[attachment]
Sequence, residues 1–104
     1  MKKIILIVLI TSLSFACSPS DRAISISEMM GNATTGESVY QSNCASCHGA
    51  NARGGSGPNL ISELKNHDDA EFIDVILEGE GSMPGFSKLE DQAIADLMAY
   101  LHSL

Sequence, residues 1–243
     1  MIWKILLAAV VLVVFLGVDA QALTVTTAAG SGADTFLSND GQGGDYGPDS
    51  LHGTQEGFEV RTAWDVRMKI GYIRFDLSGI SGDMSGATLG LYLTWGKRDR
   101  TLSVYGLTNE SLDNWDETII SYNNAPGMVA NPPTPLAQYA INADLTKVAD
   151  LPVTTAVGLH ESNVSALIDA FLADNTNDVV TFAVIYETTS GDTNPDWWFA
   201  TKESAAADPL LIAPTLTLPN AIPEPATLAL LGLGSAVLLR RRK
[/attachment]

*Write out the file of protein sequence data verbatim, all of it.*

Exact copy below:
Sequence, residues 1–104
     1  MKKIILIVLI TSLSFACSPS DRAISISEMM GNATTGESVY QSNCASCHGA
    51  NARGGSGPNL ISELKNHDDA EFIDVILEGE GSMPGFSKLE DQAIADLMAY
   101  LHSL

Sequence, residues 1–243
     1  MIWKILLAAV VLVVFLGVDA QALTVTTAAG SGADTFLSND GQGGDYGPDS
    51  LHGTQEGFEV RTAWDVRMKI GYIRFDLSGI SGDMSGATLG LYLTWGKRDR
   101  TLSVYGLTNE SLDNWDETII SYNNAPGMVA NPPTPLAQYA INADLTKVAD
   151  LPVTTAVGLH ESNVSALIDA FLADNTNDVV TFAVIYETTS GDTNPDWWFA
   201  TKESAAADPL LIAPTLTLPN AIPEPATLAL LGLGSAVLLR RRK